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How to determine where a bottleneck is in a given system

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a b B Homebuilt system
October 18, 2011 9:48:10 AM

Hi.

I would very much like to understand how to build a system that is as balanced as posible.

It is obvious that 4 major things need to be considered :
CPU
RAM
FSB
GPU

Under each there are a subset of specs that are relevant?

Now givin a system. My aging Pentium Duel Core :

Pentium Duel E5200 @ 2.9GHz
Kingston 3GB(1GB+2GB) 800Mhz RAM
MSI G31M3-F 1600MHz FSB
Biostar 9600GT 512MB
550W Coolermaster Extreme Power Plus

Where is the bottleneck and how can I work this out?

At first glance I would say the CPU. But I do not know how to determine this.

I would also like an explanation as to what the relationship is between CPU and GPU spesifically?
For example what constitutes an overkill GPU when considering the capabilities of the CPU.

I will be building a new PC soon and would like to know as much as possible before deciding.

Thanks beforehand.

PS EDIT : The focus of this thread is not on my current system nor on my upcoming build.
a b B Homebuilt system
October 18, 2011 2:11:28 PM

Your question is the one everyone is asking all the time. Do I have enough CPU for my GPU, and vice versa? It's not an exact science. One reason is that some games use the CPU much more than others, like GTA, and others, like Crysis, lean heavily on the GPU. The upshot is that, since we have only so much money to spend, if we want to be able to play the widest variety of games, we should split our money between the CPU and GPU to achieve a balanced system. You could do worse than to try to select parts from similar tiers in Tom's hardware charts. Take the Gaming CPU Hierarchy Chart and the Graphics Card Hierarchy Chart , and pick from roughly the same level. (I'd say weight it toward a better GPU, because a weak GPU will affect performance more than a weak CPU, as a rule. But that's me. My Flintstone Phenom is bottlenecking my GTX 295 as we speak.)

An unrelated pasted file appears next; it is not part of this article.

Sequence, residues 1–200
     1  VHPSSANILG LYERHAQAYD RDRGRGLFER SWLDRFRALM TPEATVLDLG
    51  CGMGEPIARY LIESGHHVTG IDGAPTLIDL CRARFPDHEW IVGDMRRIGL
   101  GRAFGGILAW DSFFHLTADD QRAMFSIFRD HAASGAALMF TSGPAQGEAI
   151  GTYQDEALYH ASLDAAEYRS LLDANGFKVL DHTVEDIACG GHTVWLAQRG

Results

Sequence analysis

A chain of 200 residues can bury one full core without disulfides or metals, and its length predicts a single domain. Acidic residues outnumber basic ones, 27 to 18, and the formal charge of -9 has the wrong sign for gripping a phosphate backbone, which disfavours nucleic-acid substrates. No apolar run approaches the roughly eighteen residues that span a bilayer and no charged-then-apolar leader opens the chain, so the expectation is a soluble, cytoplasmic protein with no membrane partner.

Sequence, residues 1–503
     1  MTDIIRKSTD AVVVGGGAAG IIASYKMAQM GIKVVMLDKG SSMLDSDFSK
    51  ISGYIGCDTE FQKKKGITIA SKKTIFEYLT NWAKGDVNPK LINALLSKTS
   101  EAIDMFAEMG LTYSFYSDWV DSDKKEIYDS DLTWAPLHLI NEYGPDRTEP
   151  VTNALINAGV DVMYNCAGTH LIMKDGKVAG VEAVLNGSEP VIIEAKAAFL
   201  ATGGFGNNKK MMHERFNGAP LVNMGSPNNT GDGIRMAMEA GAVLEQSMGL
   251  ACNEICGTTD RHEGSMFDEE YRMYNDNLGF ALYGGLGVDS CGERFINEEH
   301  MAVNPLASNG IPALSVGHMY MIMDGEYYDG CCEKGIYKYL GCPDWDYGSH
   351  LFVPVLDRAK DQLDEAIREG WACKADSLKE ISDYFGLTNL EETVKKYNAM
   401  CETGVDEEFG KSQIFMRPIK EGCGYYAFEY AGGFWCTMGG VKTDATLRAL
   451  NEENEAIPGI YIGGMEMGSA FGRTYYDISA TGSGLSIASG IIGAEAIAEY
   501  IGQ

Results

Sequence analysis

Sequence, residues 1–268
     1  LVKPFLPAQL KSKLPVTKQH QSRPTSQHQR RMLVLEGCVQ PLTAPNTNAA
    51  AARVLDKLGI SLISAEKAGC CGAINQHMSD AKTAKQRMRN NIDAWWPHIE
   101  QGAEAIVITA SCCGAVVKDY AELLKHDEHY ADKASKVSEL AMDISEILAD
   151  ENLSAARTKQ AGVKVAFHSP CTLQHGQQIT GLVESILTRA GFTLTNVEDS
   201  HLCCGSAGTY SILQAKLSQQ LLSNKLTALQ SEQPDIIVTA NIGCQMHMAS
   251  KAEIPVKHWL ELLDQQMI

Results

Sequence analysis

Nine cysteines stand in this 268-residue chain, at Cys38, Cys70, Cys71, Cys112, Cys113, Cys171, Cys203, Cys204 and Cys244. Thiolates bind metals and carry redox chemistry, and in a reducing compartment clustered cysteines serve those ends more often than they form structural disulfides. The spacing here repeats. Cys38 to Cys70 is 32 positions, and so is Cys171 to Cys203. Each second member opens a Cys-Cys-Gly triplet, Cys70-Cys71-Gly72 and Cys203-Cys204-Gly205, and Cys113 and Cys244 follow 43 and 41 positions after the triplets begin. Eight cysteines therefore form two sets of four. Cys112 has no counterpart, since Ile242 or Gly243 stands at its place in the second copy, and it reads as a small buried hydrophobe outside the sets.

There are additional criteria for selecting CPU and GPU besides cost and balance, like upgradability (mobo socket), possibility of future Crossfire or SLI, CUDA if you do Folding, overkill, etc.

I never think about the FSB, and any good memory is plenty fast enough these days.
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a b B Homebuilt system
October 18, 2011 2:31:03 PM

lol thanks, i have built quite a few succesful PC's that perform great. But I need numbers and intercomponent comparison.
I am aware of all the general things to consider.

For example, I want to get a better GPU until I get a new system in a few months(then I just tranfer the GPU to new system), but I do not know what would be too much for my CPU.
There would be no point in getting an HD69xx for example.

What I am asking for here is a way to work this out with numbers(if only estimated numbers). Not speculation.

It must be possible to do this.
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a b B Homebuilt system
October 18, 2011 2:52:15 PM

You want a general quantification of CPU performance and GPU performance. Interesting, because even if you could do it, the figures would be useless. For one thing, if a rig is dedicated to a purpose, a general number would not help in selection. For another, a general number would have to ignore the different capabilities of nVidia cards vs. ATIs. The problem is not as simple as that. You have to look at the purpose of your machine and what you want out of it and select accordingly, weighing every factor you can find. (I'm broadcasting here, not trying to tell you anything you don't already know.)
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a b B Homebuilt system
October 18, 2011 3:10:00 PM

The system above is a fairly balanced all around home PC.
What is you want to do with your upcoming build and what is your budget, these are more sensible things that we need to know to point you in a general direction.